M (Prescriptive: borough) recorded 1309. Soulsby indicates that there was more than one market (Soulsby, p. 248).
F (Prescriptive) recorded 1309. Soulsby indicates that there was more than one fair (Soulsby, p. 248).

TEMPLETON 2114 2115. Borough thirteenth century. A castle was constructed here, which was attacked by the Welsh in 1116, 1215 and 1220. The Knights Templar founded a priory in the late twelfth century, which may have encouraged settlement. Town first mentioned in 1283, which was regarded as a borough. The priory had ceased to function by 1312 and although a settlement remained, it was very small (Soulsby, pp. 248–9).
M (Prescriptive: borough) No further information for the medieval market.

TENBY / DINBYCH-Y-PYSGOD 2133 2005. Borough late eleventh century. Occupied in the Roman period and possibly by Viking settlers. In the late eleventh century, the Normans established the first permanent settlement, constructing a castle and laying out a borough. In the late thirteenth century, the borough was rebuilt by William de Valence, who issued the first borough charter in the 1280s. Tenby’s economy thrived throughout the medieval period and beyond (Soulsby, pp. 250–3). Market town c.1600 (Everitt, p. 472). See also Griffiths, pp. 289–320.
M (Charter) Wed; gr 1323, by Aymer de Valence (Griffiths, p. 306).
F (Charter) f+2, Assumption (15 Aug); gr 1265–94, by William de Valencia, earl of Pembroke and countess Joan to burgesses of Tenby (CPR, 1374–77, pp. 114–15). The charter of William de Valence is not dated; Ballard and Tait suggest it was issued in 1265–94 (A. Ballard and J. Tait eds., British Borough Charters, 1216–1307 (Cambridge, 1923), p. xlvii). The charter was confirmed by Aymer de Valencia, earl of Pembroke and lord of Wexford and Montignac on 24 Apr 1323. It was then confirmed by Laurence de Hastynges, earl of Pembroke and lord of Wexford and Bergeveny, on 27 Feb 1342. The charters were inspected and confirmed by K Edw III on 8 Jun 1375 and 6 Feb 1378 (CPR, 1374–77, pp. 114–15; CPR, 1377–81, p. 112).

TRALLONG 2968 2296.
F (Charter) vf+3, Laurence (10 Aug); gr 20 May 1290, by K Edw I to Thomas, bp of St David’s (CChR, 1257–1300, p. 343). In 1326, the bp of St David’s was holding a fair on the feast of Laurence at Trathallan (Willis-Bund, p. 313).
F (Charter) vf+3, Mary Magdalen (22 Jul); gr 20 Sept 1291, by K Edw I to Thomas, bp of St David’s (CChR, 1257–1300, p. 405). In 1326, the bp of St David’s was holding a fair on the feast of Mary Magdalen at Trathallan (Willis-Bund, p. 313).

TREFILAN 2550 2571. The Welsh constructed a castle here in the early 1200s and an adjacent vill grew up. Although the castle was destroyed by the English in 1282, the ‘Welsh vill’ survived until at least 1304 (Soulsby, p. 254). This may have been a small town with a market.

TREFIN 1841 2325.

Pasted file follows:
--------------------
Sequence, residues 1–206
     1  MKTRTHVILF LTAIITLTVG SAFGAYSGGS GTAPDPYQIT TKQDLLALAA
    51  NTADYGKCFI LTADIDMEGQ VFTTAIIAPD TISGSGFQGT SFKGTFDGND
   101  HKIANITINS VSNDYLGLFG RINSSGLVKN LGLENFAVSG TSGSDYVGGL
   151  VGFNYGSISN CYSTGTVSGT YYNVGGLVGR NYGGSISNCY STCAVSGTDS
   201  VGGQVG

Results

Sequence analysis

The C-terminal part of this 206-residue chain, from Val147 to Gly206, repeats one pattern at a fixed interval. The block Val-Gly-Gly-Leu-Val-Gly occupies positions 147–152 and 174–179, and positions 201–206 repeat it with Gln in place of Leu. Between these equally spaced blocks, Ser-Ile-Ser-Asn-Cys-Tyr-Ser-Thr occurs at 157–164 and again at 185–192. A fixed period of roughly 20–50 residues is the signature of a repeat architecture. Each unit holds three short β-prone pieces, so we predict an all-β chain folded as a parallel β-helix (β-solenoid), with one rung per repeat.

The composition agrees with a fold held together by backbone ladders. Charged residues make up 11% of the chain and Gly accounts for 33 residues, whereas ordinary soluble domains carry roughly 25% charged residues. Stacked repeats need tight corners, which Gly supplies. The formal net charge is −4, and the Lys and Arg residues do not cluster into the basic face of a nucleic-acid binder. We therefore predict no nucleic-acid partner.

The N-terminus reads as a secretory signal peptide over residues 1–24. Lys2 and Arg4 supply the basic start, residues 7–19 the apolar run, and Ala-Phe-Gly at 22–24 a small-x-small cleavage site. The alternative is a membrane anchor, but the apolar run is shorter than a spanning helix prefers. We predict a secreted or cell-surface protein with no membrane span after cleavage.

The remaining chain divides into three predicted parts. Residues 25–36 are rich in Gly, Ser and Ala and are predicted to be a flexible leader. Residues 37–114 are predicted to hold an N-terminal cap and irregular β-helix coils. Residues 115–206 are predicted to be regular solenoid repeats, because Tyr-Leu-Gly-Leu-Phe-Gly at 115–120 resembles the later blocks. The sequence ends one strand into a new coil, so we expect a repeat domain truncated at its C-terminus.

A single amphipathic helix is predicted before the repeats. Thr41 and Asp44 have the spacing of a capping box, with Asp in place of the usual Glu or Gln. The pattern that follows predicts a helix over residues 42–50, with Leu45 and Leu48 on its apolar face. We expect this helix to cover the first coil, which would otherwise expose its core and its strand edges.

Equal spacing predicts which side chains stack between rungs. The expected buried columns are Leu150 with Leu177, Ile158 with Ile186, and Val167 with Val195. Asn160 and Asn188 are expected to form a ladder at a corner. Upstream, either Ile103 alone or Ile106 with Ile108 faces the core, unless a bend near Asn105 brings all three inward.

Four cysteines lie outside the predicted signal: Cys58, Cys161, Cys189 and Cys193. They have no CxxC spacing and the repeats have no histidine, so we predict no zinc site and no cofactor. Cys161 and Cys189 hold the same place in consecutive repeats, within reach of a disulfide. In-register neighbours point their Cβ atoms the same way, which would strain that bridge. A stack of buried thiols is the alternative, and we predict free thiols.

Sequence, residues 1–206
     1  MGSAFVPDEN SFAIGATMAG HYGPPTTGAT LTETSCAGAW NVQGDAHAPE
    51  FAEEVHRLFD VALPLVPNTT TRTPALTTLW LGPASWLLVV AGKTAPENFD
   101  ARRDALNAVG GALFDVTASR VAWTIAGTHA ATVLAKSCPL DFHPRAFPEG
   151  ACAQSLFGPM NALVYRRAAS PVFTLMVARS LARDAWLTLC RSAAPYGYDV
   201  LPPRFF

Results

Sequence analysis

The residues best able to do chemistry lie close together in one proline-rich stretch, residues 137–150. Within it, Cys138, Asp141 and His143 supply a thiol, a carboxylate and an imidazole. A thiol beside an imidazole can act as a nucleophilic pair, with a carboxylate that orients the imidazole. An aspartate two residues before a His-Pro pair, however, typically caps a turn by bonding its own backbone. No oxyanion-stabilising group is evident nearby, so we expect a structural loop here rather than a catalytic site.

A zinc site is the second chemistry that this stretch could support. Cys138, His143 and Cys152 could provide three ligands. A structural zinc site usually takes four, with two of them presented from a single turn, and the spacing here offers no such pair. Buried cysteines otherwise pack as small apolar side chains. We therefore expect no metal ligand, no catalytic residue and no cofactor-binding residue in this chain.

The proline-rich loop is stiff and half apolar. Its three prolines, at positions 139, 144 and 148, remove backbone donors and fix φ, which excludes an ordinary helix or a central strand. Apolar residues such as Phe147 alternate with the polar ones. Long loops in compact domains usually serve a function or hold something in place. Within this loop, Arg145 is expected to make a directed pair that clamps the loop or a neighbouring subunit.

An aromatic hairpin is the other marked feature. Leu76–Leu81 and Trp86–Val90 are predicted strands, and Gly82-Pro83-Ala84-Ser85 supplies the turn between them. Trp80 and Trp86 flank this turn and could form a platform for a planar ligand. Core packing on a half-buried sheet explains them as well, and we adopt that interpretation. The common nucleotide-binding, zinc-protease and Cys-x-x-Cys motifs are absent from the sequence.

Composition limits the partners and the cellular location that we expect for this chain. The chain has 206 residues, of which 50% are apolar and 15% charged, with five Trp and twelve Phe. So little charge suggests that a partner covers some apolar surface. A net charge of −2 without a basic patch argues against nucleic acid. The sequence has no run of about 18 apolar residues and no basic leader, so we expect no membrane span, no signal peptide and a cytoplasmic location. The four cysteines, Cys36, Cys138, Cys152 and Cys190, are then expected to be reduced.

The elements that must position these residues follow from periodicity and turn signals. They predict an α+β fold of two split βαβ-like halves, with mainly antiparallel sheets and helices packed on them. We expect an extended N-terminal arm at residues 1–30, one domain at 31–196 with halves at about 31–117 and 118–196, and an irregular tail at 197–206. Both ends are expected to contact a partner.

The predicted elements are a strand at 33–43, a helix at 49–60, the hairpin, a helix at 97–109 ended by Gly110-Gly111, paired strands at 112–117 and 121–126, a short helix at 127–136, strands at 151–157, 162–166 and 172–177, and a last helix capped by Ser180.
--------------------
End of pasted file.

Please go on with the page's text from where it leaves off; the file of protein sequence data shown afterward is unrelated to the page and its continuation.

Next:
M (Charter) Mon; gr 20 May 1290, by K Edw I to Thomas, bp of St David’s. To be held at the manor of Trefdyn (CChR, 1257–1300, p. 343). On 20 Sept 1291, K Edw I granted the market again to Thomas, bp of St David’s (CChR, 1257–1300, p. 405).
F (Charter) vf+2, Martin in the Winter (11 Nov); gr 20 May 1290, by K Edw I to Thomas, bp of St David’s. To be held at the manor of Trefdyn (CChR, 1257–1300, p. 343). On 20 Sept 1291, K Edw I granted Thomas, bp of St David’s a fair on vf+3 Martin in the Winter, to be held at the manor (CChR, 1257–1300, p. 405). In 1326, the bp of St David’s was holding a three day fair on the feast of Martin (Willis-Bund, p. 73).

TREFNANT 3186 3041. The identity of Trefnant is uncertain, as there is no settlement of that name in the immediate vicinity of Welshpool (for the importance of which, see below). There are however several small places called Trefnant, of which Soulsby considers that in Castle Caereinion to be the most probable relevant site. In the absence of other clear evidence, Soulsby’s identification of the site has been accepted and the grid references given here are to Trefnant Hall, approximately two and a half miles south-east of Castle Caereinion. Despite the removal of the markets and fairs in 1282, 18 taxpayers remained in 1292. However, by 1332, the taxable revenue from Trefnant had fallen drastically (Soulsby, p. 255).
M (Charter) Mon; gr 26 Apr 1279, by K Edw I to Griffin son of Wennunwen. To be held at the manor of Trefnant in Powis; granted instead of the market at Welshpool, Wales (q.v.) (CChR, 1257–1300, p. 211). On 11 Jun 1282, K Edw I removed the market at Trefnant (CChR, 1257–1300, p. 263).
F (Charter) vfm, Barnabas (11 Jun); gr 26 Apr 1279, by K Edw I to Griffin son of Wennunwen. To be held at the manor of Trefnant in Powis; granted instead of the fair at Welshpool, Wales (q.v.) (CChR, 1257–1300, p. 211). On 11 Jun 1282, K Edw I removed the fair at Trefnant (CChR, 1257–1300, p. 263).